With just a couple of weeks left to catch The Ferryman in the West End and the chance to see Rosalie Craig in a non-musical role for once, the offer to return to the Gielgud was one I couldn’t refuse. And though it is the third time I’ve seen the show, it remains a phenomenal piece of theatre in which Jez Butterworth manages that not-inconsiderable feat of making time fly. Continue reading “Re-review: The Ferryman, Gielgud”
“Innocent men like you are found guilty all the time”
The joy of my own blog (even if I can’t seem to release myself from the self-imposed tyranny of mentioning at least something about every show I see) is that I can write what I want. And on leaving the Young Vic on the penultimate day of the The Trial’s run, the prevailing opinion was ‘well that was a trial’ and ‘Kate O’Flynn wasn’t half bad’. And so that’s your lot.
Running time: 2 hours (without interval)
Booking until 22nd August
“I don’t know anything about lobsters”
Sadly not a sequel to the escapades of Pilar and Marcus, this Eldorado is the UK premiere of Marius von Mayenburg’s 2004 play, translated by Maja Zade. It is also the first production by new theatre company Mongrel Thumb and it makes for an ambitiously bold opening statement, albeit one that is likely to have as many detractors as it does fans. von Mayenburg’s work is inscrutably European in feel (Fireface at the Young Vic is my other experience of him) and Simon Dormandy’s production can only do so much to open it up.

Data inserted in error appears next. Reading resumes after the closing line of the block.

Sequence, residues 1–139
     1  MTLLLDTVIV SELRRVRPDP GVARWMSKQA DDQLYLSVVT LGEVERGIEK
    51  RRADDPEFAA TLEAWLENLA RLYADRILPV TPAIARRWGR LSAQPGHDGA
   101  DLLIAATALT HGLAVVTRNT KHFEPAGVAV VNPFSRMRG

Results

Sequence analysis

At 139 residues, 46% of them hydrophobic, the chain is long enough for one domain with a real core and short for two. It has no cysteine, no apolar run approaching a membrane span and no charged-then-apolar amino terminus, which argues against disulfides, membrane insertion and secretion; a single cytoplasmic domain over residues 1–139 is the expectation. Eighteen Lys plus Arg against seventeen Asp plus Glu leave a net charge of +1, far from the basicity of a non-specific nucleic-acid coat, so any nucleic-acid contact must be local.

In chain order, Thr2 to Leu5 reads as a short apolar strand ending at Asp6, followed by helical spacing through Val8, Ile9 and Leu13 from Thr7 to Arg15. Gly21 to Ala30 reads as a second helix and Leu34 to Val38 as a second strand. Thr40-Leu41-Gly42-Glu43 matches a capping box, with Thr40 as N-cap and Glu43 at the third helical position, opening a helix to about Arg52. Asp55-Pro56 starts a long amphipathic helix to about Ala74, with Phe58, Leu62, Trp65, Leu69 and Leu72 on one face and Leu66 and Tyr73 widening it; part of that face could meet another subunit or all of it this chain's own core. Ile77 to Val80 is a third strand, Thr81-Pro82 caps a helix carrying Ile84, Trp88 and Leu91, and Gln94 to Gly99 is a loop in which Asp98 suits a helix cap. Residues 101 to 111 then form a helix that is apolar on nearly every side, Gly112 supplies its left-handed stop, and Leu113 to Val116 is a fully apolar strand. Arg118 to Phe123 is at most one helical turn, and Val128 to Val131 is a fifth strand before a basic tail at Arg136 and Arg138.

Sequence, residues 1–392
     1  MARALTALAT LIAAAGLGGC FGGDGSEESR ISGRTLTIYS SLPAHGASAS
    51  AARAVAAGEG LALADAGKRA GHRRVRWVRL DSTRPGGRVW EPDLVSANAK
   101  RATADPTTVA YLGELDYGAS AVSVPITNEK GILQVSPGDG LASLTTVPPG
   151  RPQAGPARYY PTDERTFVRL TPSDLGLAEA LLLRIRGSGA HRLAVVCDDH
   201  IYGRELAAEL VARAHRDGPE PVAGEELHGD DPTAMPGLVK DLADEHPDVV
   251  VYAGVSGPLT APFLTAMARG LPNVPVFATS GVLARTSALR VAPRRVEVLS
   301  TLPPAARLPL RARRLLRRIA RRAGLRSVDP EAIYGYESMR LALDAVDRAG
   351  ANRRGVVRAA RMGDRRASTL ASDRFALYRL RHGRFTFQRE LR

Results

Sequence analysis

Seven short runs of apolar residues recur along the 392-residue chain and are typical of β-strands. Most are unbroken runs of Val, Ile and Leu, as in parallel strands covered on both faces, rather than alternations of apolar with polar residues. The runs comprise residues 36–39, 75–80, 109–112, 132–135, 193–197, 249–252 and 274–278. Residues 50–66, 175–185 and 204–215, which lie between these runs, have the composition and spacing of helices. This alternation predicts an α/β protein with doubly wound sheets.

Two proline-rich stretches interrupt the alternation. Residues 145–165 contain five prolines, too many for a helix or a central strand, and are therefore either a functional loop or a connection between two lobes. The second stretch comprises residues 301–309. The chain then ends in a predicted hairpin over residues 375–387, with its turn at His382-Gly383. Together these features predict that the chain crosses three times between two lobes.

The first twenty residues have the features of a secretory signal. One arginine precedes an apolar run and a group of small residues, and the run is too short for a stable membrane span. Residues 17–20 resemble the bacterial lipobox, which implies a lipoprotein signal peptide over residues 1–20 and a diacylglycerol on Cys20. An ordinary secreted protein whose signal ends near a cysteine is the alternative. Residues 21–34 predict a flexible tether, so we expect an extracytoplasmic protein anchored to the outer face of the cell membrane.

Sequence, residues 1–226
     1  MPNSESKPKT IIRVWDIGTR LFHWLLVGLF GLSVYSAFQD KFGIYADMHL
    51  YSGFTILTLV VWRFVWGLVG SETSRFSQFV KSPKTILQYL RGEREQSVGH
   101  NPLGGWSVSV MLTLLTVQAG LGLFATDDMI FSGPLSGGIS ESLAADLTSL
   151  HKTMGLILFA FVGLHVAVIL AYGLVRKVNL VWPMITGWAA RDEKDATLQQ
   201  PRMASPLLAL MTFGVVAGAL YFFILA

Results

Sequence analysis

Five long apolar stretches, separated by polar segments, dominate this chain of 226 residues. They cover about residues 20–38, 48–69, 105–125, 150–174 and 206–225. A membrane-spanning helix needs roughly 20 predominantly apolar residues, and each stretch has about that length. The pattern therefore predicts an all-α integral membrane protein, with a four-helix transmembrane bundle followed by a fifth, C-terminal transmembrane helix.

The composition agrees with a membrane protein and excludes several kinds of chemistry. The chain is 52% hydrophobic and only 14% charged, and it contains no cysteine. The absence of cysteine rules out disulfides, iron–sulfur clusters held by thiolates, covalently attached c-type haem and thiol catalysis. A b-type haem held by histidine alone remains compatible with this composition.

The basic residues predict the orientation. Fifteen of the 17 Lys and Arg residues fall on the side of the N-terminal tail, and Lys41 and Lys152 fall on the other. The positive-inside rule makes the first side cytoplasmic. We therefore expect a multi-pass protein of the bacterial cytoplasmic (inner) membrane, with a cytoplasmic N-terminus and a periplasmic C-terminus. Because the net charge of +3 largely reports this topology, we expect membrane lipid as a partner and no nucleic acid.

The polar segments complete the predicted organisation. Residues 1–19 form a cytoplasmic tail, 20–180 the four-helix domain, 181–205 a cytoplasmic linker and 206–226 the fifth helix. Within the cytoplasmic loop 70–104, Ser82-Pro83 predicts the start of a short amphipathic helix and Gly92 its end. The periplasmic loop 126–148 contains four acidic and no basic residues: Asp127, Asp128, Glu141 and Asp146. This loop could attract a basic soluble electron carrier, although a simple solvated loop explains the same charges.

Which means audiences at the Arcola will have to be, well, a little less British, a bit more adventurous in accepting von Mayenburg’s version of the world. His El Dorado is a modern day urban sprawl in which property is king, so much so that even though war is raging close by, investors are excited at the potential for building on the battlefields left behind. The rush for colonisation can’t hide the cultural malaise of a society on the edge of despair though, unhappiness manifesting itself in the strangest and most pervasive of ways – lobsters, cupboards, forests, piano lids. Continue reading “Review: Eldorado, Arcola”
“To be born a woman is the worst punishment”
The ominous funeral bell tolling throughout the opening of this Radio 3 version of Lorca’s The House of Bernarda Alba is a brilliant scene setter, and a telling reminder that so much of the world of this play is actually only ever heard making it ideal for radio adaptation. Fearsome matriarch Bernarda Alba has declared eight years of mourning after the death of her second husband and orders her daughters to remain barricaded inside the family home with her. The younger women bristle at the restraint, especially as the sounds of the world beyond their gate let them know what they’re missing, and the family trait for stubbornness proves enduringly tragic.